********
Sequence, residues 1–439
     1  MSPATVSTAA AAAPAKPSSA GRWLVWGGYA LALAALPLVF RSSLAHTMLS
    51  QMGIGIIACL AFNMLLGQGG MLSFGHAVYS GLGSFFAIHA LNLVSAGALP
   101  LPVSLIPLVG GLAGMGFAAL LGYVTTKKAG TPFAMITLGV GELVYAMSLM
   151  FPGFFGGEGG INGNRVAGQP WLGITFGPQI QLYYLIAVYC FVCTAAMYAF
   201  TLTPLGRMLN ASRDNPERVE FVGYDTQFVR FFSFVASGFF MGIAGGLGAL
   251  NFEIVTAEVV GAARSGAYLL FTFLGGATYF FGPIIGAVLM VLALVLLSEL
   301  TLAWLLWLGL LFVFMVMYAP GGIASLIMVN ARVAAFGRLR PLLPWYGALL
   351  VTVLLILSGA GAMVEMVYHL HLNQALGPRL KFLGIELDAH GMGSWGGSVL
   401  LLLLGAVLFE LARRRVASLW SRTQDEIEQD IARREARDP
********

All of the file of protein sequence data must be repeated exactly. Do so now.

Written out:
Sequence, residues 1–439
     1  MSPATVSTAA AAAPAKPSSA GRWLVWGGYA LALAALPLVF RSSLAHTMLS
    51  QMGIGIIACL AFNMLLGQGG MLSFGHAVYS GLGSFFAIHA LNLVSAGALP
   101  LPVSLIPLVG GLAGMGFAAL LGYVTTKKAG TPFAMITLGV GELVYAMSLM
   151  FPGFFGGEGG INGNRVAGQP WLGITFGPQI QLYYLIAVYC FVCTAAMYAF
   201  TLTPLGRMLN ASRDNPERVE FVGYDTQFVR FFSFVASGFF MGIAGGLGAL
   251  NFEIVTAEVV GAARSGAYLL FTFLGGATYF FGPIIGAVLM VLALVLLSEL
   301  TLAWLLWLGL LFVFMVMYAP GGIASLIMVN ARVAAFGRLR PLLPWYGALL
   351  VTVLLILSGA GAMVEMVYHL HLNQALGPRL KFLGIELDAH GMGSWGGSVL
   401  LLLLGAVLFE LARRRVASLW SRTQDEIEQD IARREARDP